New Audio: Up-and-Coming, Australian Electro Pop Duo GL Release 80s-Insipred Dance Floor-Friendly Jam

Comprised of Ella Thompson and Graeme Pogson, GL is a Melbourne, Australia-based electronic music production and artist duo, who with the release of 2013’s Love Hexagon EP and their full-length debut Touch developed a reputation for specializing in a sound that’s very much a contemporary take on disco, funk, boogie, soul and house music, and as a result the Australian electronic music duo quickly earned international attention from The Guardiani-DThe FADERV Magazine, XLR8R and others, as well as played sets at New Zealand’s St. Jerome’s Laneway Festival and Splore Festival while nationally they’ve opened for Nick Murphy fka Chet Faker and played a successful headlining national tour to support their full-length debut.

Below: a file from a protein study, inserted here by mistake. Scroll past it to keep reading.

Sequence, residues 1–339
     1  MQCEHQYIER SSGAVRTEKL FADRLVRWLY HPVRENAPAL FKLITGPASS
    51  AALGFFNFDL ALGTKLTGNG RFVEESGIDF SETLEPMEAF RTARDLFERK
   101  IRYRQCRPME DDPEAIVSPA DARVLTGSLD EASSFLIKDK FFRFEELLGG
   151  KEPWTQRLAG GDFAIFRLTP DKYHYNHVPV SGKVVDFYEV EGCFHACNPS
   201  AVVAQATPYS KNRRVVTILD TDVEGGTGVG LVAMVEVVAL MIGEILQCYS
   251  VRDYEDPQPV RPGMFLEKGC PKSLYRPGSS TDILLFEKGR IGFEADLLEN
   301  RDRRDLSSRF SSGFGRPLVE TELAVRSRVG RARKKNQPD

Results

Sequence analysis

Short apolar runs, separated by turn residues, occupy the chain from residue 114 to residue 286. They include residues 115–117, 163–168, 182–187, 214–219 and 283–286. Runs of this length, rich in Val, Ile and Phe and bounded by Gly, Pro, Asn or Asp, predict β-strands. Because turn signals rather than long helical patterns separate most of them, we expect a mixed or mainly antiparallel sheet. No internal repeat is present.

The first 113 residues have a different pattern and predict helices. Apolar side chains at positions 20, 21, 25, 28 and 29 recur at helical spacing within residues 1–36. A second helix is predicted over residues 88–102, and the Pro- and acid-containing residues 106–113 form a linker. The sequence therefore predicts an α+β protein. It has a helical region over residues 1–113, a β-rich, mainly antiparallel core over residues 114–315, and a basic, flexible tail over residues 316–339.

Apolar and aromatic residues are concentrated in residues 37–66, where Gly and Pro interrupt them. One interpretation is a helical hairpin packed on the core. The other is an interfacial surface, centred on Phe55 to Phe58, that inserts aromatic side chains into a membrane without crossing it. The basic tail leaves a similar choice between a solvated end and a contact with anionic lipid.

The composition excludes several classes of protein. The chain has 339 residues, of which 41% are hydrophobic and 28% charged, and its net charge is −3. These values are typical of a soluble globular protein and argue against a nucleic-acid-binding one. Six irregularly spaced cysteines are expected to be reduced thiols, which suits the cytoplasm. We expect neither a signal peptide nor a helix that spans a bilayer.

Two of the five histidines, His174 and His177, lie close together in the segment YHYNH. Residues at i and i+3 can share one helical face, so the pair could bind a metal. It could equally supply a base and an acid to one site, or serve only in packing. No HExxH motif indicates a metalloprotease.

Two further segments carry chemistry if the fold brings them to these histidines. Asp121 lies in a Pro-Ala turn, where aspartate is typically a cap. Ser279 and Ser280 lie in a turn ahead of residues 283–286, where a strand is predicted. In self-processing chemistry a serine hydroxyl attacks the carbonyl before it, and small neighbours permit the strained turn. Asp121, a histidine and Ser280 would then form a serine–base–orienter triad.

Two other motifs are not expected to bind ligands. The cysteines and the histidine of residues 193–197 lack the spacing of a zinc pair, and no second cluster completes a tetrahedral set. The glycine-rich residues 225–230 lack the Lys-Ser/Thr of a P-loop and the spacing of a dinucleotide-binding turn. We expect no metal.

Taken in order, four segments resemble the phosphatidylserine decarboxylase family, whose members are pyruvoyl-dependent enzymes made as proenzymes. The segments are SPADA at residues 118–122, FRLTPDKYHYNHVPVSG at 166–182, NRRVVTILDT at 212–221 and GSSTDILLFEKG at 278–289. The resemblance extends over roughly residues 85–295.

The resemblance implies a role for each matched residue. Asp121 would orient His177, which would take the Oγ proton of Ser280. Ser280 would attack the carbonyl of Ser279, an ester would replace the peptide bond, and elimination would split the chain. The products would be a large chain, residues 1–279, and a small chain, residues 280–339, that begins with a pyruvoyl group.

Building upon a growing national and international profile, which resulted in a busy touring schedule, the duo locked themselves away in the studio to write and record the double A-sided single “Destiny”/”Reflect,” and as the duo explain “‘Reflect’ is an extended jam we made at TFS Studio in North Fitzroy, Melbourne. We wanted to try a long form exploration piece. Listen out for the delightful keyboard solo by Harvey Sutherland! Lyrically, it’s about searching inward, when the outside gets a bit much.” Interestingly enough, the song while being decidedly introspective manages to be joyous, suggesting that searching inward can be a profound solace in a cruel world or as George Clinton once wisely sung “The kingdom of heaven is within.” Of course, sonically, the song will further cement the duo’s reputation for crafting a sound that draws so much  from 80s and 90s house music and 80s synth soul that it brings to mind The WhispersIt’s A Love Thing,” “And The Beat Goes On,” and “Rock Steady,” Evelyn “Champagne” King’s “Love Come Down” and Cherelle‘s “Saturday Love” as Pogson pairs a production featuring layers of shimmering and cascading synths, a sinuous bass line, tribal drumming, bursts of shimmering keys and a soaring hook with Thompson’s self-assured vocals. Simply put, it’s arguably one of the most DJ-leaning, club rocking tracks I’ve written about in several months; in fact, if I were DJ’ing, I’d make sure to fit this one into a set.

 

 

 

 

 

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